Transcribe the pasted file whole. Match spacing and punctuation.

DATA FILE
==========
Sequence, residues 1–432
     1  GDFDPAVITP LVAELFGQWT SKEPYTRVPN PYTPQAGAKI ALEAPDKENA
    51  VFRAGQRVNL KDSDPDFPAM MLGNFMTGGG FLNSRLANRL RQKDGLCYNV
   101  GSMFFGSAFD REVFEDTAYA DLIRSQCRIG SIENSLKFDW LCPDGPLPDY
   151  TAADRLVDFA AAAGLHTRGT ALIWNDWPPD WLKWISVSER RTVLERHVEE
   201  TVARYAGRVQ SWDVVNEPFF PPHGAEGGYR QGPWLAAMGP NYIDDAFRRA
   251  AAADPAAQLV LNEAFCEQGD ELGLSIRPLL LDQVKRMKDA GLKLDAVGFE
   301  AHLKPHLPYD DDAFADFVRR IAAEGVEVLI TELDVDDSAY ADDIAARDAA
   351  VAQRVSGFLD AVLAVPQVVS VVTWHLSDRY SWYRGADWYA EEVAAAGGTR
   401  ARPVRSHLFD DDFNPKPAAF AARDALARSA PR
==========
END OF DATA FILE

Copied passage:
Sequence, residues 1–432
     1  GDFDPAVITP LVAELFGQWT SKEPYTRVPN PYTPQAGAKI ALEAPDKENA
    51  VFRAGQRVNL KDSDPDFPAM MLGNFMTGGG FLNSRLANRL RQKDGLCYNV
   101  GSMFFGSAFD REVFEDTAYA DLIRSQCRIG SIENSLKFDW LCPDGPLPDY
   151  TAADRLVDFA AAAGLHTRGT ALIWNDWPPD WLKWISVSER RTVLERHVEE
   201  TVARYAGRVQ SWDVVNEPFF PPHGAEGGYR QGPWLAAMGP NYIDDAFRRA
   251  AAADPAAQLV LNEAFCEQGD ELGLSIRPLL LDQVKRMKDA GLKLDAVGFE
   301  AHLKPHLPYD DDAFADFVRR IAAEGVEVLI TELDVDDSAY ADDIAARDAA
   351  VAQRVSGFLD AVLAVPQVVS VVTWHLSDRY SWYRGADWYA EEVAAAGGTR
   401  ARPVRSHLFD DDFNPKPAAF AARDALARSA PR